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ered first. He only spoke of it (and caught on tape) but didn’t actually do it. The monolithic mainstream has barely said a thing about the potential abuse of the NSA snooping on you and me, my kids and my next door neighbor. When I studied the communist system I was so glad I lived in America. Now I’m watching it all unfold right before my eyes and we have no watchdogs to protect us. The fourth estate has been bought; lock, stock and barrel. I’ve noticed that whenever anything gets hot and close to the leaders of this country, they travel overseas. They get out of town. Did you notice our president hopping around Europe lately with a planned trip to Africa? Republicans are apparent idiots for if they get caught in a twit they try to defend themselves. They haven’t learned the game from the other side that you get your butt out of town until the news cycle changes. I remember when Nancy Pelosi was screaming bloody murder about waterboarding and condemning George Bush. Until it was leaked that she was on the same committee in Congress that authorized it. So, does she defend herself when found to be a major hypocrite? No, she went to Germany for two weeks. When she came

back, not one journalist followed up.They still haven’t. So, I’m getting out of dodge. By the time you read this I’ll be sipping margaritas by the pool next to the Bay of Banderas in warm and tropical Puerto Vallarta. I bought my condo in 2011 when the newspapers and media in general were saying to not go to Mexico, so I got one heck of a deal on an oceanfront condo. Of course during 2011 our lapdog media was only parroting the junta’s words.They had to make Mexico look really bad because after all, our Justice Department “gave,” without any tracking system in place, Mexican cartels more than 2,000 two high powered deadly weapons that were used to kill two Americans and hundreds if not thousands of Mexicans. Our countrymen had to be distracted from the bungled Fast & Furious scandal so the press was awash with stories of drug lords killing each other yet not a word that the president had to sign an executive order to seal all the Fast & Furious records to save our Attorney General’s backside after congressional committees investigating the case proved him to be an emperor without clothes. They didn’t even write about all the deaths every day that were coming out of Chicago. The town with the strictest gun laws in the coun-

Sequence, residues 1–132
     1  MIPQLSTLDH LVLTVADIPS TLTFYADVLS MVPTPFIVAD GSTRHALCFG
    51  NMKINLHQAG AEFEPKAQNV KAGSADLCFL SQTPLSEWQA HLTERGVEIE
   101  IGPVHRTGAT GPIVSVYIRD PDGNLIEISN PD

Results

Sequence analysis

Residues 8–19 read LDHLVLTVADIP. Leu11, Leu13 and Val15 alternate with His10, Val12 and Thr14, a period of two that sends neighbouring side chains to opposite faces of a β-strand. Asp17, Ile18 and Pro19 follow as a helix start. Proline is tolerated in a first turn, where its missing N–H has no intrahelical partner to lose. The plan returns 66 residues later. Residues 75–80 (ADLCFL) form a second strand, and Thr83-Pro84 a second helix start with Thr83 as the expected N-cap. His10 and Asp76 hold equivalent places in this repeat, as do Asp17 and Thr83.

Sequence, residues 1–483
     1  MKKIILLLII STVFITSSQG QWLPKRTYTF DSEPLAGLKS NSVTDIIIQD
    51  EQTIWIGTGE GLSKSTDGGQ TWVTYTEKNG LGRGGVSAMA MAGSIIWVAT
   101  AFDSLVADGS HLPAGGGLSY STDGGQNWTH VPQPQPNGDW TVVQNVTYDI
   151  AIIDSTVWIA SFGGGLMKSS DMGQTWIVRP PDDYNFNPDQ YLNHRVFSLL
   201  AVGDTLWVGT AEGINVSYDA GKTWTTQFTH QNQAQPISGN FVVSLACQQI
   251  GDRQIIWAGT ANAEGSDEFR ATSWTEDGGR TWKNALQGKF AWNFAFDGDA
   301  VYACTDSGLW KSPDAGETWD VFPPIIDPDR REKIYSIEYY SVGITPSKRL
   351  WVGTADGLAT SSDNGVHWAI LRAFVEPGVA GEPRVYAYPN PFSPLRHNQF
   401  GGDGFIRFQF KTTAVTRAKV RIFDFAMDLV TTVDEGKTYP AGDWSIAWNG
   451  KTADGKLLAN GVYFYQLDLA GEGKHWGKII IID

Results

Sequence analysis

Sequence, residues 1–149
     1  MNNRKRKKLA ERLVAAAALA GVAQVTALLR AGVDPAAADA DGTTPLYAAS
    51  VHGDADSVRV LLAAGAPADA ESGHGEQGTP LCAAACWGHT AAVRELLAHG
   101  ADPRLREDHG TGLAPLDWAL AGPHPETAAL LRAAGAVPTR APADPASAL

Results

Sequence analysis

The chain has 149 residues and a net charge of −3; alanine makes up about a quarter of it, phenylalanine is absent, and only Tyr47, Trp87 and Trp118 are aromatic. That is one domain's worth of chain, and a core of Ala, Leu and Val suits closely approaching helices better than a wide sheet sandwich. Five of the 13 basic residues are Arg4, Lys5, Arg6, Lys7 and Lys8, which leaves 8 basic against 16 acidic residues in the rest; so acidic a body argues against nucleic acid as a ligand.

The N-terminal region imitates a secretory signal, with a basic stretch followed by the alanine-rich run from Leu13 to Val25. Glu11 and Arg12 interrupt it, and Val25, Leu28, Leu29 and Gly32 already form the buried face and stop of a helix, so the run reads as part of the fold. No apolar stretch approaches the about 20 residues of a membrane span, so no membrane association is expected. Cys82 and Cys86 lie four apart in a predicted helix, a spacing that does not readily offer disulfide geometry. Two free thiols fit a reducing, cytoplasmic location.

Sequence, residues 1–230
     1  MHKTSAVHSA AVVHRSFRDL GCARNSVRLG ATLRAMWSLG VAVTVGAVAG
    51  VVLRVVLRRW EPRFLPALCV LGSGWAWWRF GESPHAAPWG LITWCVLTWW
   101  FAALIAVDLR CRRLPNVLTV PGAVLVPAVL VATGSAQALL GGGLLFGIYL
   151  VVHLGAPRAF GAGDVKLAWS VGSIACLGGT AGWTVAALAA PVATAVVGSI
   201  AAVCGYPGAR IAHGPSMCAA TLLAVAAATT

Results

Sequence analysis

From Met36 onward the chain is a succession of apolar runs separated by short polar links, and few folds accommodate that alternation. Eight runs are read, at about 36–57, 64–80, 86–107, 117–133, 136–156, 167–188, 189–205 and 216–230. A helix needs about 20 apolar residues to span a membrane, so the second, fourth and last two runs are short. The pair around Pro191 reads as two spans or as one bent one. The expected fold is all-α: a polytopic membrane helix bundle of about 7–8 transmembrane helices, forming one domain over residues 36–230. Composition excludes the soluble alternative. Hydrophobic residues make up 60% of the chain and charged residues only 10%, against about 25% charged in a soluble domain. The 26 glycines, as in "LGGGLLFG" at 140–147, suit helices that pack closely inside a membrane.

try! Wow, we’ve really got some eyeballs watching out for us lowly folk, don’t we? Am I going nuts or what? Everything is just one big lie after another. I’m going to join the nearly 1 million Canadians and Americans now owning property in PuertoVallarta. I’m staying this time for about two months to work on my second book. The first will be published soon and no,it isn’t about politics. It’s about our souls and believe it or not, God is going to fix this mess. He loves this country and you and I do too! But, I only hope I’m not whistling Dixie through a graveyard. I feel grimy after watching the slanted news today. You know guys, it’s that same feeling of griminess all over you when you walk out of a strip bar without your wife knowing you were there and worried as hell that someone will spot you. You know the feeling; you just know you were not in a good place. I’m going to go find my good place, do a little surfing in Punta Mita at Mexican Malibu and play some golf at the Marina and Vista Vallarta. What I wouldn’t give to come home to truth, honesty and peace! Sheesh. Joe Moris may be contacted at (760) 500-6755 or by email at joe@coastalcountry.net